All About Jazz: The web's most comprehensive jazz resource

Serving jazz worldwide since 1995
All About Jazz: The web's most comprehensive jazz resource

JazzLife UK

Autumn Falls

By Published: November 26, 2010
Polar Bear, whose music is so hard to categorize that it's been put in more categories than you can shake a stick at, proved once again to be one of Britain's finest live bands (I've deliberately left the term "jazz" out of that description). Leafcutter John still plays a mean balloon, drummer Seb Rochford still looks like he's doing nothing while he's creating some of the finest percussion patterns on the planet. They attract the crowds, too: all ages, both sexes, and looking far more cheerful than the average crowd of jazz fans despite having to stand up for the entire evening. Not much dancing in evidence, though.

Celebrations arrived in the form of a birthday and a Birthday Honour. The Orient House Ensemble celebrated its tenth year of existence, opening its Anniversary Tour at Norwich Arts Centre. Reed player and occasional accordionist Gilad Atzmon
Gilad Atzmon
Gilad Atzmon

saxophone
(pictured right) leads the Ensemble: he's a charismatic front man and the band is a musical powerhouse capable of some of the loveliest, and some of the hardest-hitting, sounds around.

Pianist and composer Michael Garrick
Michael Garrick
Michael Garrick
1933 - 2011
piano
received the Birthday Honour, becoming a Member of the Order of the British Empire (MBE) in the Queen's Birthday Honours List for 2010. Garrick and vocalist Nette Robinson
Nette Robinson
Nette Robinson
b.1979
vocalist
played a beautiful set in Lowestoft's Milestones Jazz Club: a fine example of jazz crossing the generations. He received his MBE formally at Buckingham Palace on 20 October.

Garrick (pictured below) also published his autobiography, Dusk Fire (Springdale Publishing), this year. The book is an enjoyable insight into the life of a man who has spent over 50 years on the UK jazz scene, gaining critical plaudits and the respect of musicians, composers and writers but finding, like so many other jazz greats, that the financial rewards never quite matched his status. For many years Garrick's favorite mode of transport was the quintessentially English Reliant Robin, a three-wheeled motor vehicle: bassist Jaco Pastorius
Jaco Pastorius
Jaco Pastorius
1951 - 1987
bass, electric
and singer Adelaide Hall
Adelaide Hall
Adelaide Hall
b.1904
both enjoyed their trips around the English countryside in this iconic car, according to Garrick. My own memories of careering around the Oxfordshire countryside in such a vehicle make me doubt this claim, though.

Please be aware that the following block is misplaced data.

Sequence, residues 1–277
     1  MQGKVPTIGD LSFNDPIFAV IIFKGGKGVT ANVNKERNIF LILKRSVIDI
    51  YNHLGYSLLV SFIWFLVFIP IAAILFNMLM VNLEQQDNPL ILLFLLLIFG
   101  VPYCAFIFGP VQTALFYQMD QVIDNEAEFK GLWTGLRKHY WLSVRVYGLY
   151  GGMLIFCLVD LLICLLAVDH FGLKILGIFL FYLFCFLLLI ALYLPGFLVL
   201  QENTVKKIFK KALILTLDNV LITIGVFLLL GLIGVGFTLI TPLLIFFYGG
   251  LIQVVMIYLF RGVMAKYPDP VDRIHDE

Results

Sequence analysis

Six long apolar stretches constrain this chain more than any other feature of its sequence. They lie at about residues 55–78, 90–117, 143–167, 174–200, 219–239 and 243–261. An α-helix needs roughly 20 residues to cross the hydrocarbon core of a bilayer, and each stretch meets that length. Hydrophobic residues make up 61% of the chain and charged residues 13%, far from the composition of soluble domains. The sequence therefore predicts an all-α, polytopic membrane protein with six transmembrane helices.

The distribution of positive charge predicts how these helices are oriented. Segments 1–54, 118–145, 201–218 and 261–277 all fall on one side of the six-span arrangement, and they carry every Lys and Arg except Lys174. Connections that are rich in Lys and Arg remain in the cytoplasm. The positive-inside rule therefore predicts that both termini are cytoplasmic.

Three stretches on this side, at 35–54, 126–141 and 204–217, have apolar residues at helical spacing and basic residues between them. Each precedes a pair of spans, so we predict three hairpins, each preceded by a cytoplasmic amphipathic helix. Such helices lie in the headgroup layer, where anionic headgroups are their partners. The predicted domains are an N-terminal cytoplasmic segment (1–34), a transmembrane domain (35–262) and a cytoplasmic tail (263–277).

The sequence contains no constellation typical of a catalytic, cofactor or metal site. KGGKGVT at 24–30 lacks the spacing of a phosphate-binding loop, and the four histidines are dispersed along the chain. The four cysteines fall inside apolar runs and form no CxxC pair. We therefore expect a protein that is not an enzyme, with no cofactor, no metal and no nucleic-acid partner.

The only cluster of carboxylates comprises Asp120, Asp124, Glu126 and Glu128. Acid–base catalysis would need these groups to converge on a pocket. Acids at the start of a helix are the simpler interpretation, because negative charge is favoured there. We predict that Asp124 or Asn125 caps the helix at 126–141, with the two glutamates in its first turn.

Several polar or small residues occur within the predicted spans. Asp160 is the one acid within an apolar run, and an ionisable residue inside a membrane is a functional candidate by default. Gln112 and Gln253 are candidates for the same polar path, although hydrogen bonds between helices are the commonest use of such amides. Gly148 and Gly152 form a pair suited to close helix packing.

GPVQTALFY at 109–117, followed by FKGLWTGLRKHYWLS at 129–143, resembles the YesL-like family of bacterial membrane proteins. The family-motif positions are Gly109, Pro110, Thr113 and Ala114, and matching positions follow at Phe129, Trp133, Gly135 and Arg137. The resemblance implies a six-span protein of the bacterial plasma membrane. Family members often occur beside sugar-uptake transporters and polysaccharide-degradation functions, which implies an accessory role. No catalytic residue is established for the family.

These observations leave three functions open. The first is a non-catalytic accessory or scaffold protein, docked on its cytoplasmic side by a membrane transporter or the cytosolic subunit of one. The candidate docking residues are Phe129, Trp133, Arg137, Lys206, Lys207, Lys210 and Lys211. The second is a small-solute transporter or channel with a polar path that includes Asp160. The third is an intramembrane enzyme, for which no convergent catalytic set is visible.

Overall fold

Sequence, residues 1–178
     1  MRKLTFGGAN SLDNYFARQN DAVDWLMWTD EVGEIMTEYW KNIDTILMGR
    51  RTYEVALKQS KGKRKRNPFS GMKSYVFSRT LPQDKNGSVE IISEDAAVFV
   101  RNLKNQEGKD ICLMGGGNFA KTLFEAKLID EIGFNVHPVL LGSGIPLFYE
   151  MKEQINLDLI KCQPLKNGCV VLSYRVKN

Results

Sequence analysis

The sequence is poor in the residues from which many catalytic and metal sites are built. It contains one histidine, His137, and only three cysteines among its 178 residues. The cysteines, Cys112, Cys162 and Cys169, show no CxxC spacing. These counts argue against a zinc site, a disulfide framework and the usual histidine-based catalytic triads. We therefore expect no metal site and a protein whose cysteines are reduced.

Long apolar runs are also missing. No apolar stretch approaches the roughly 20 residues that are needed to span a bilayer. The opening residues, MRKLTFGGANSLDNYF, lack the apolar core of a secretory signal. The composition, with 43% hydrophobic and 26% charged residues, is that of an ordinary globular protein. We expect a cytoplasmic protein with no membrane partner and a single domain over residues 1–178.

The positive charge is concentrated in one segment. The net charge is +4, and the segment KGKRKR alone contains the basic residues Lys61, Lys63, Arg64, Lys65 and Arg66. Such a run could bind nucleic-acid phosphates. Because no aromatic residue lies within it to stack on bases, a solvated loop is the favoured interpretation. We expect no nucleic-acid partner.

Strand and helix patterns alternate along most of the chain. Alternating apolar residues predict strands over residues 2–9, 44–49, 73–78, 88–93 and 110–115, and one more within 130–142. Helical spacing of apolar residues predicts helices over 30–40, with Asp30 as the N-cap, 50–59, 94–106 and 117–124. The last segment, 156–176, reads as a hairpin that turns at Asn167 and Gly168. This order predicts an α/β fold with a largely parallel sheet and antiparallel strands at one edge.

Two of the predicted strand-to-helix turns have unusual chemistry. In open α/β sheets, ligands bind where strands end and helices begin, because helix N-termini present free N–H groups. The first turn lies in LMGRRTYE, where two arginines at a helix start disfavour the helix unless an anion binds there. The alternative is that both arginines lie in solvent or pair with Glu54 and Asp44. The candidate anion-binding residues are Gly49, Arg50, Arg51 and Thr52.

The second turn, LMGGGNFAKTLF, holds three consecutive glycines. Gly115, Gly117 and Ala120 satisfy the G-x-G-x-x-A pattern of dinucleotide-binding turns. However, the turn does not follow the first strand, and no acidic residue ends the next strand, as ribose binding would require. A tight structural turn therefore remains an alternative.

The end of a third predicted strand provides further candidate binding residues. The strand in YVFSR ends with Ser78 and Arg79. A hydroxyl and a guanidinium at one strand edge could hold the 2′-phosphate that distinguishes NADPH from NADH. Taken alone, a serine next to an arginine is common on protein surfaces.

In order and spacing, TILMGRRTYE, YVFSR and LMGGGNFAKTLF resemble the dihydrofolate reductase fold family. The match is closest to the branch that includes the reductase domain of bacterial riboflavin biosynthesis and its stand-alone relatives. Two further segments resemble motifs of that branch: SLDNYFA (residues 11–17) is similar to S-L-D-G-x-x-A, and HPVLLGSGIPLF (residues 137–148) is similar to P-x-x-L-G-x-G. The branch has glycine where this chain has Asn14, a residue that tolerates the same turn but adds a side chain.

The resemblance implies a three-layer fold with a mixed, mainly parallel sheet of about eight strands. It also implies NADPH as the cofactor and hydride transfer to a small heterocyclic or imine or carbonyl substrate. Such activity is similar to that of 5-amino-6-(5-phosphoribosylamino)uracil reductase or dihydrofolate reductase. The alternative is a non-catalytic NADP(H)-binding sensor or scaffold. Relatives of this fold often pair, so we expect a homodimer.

Awards: can there ever be enough?

I was reminded, in October, that the excellent alto saxophonist Benjamin Herman was awarded the title of Best Dressed Dutchman 2008 by Esquire magazine. That prestigious award, and Garrick's richly-deserved MBE, caused me to reflect on the British jazz scene's apparent lack of awards in contrast to many other countries. To be honest, Herman's award made me reflect at first on the distinct lack of sartorial elegance within the British jazz community. With a few, a very few, notable exceptions JazzLife UK rarely sees jazz musicians with more than a passing involvement with the tailor's art, though it pains me to say so.

However, as I am acutely aware that my own appearance seldom triggers the description "sartorially elegant" it's probably best to return to the thorny subject of awards. We Brits, self-effacing sorts that we are, tend to eschew the concept of the award once we reach adulthood: with the exception of real awards such as Knighthoods, of course. The British jazz scene appears to be eschewing awards to such an extent that it is actually reducing their number. In the recent past there were three major awards open exclusively to the jazz community: the BBC Jazz Awards, the Parliamentary Jazz Awards and the optimistically-titled British Jazz Awards.

The BBC ended its awards in 2009, for reasons which remain unclear, while the British Jazz Awards (which are organized by a small Midlands record label and tend to favor mainstream artists) show no sign of activity so far this year. Which leaves the Parliamentary Jazz Awards to fly the flag for the British jazz community. Yes, there are other awards that have a jazz category—the MOBOs are the highest profile of those, with Empirical winning the jazz MOBO for 2010—and the Mercury Music Prize always seems to include a jazz album in its 12-CD shortlist, but no other major awards are exclusively devoted to jazz. Is this a Bad Thing?

I'm not sure. Some countries seem to have so many awards for jazz musicians that every player has at least one. Give away too many awards and the result is a neutralization of their impact. There's also the argument that awards seldom go to the true innovators, the genuinely original, just to those who conform to the award giver's often limited concept of originality or innovation—and just how does one define "Best"? None of my nominations for the 2010 Parliamentary Jazz Awards even made it to the shortlists: how could the judges have got it so wrong? The greatest song ever written, of course, is Captain Beefheart's "My Head Is My Only House Unless It Rains" (Clear Spot, Reprise, 1972): award-less, as far as I'm aware.


comments powered by Disqus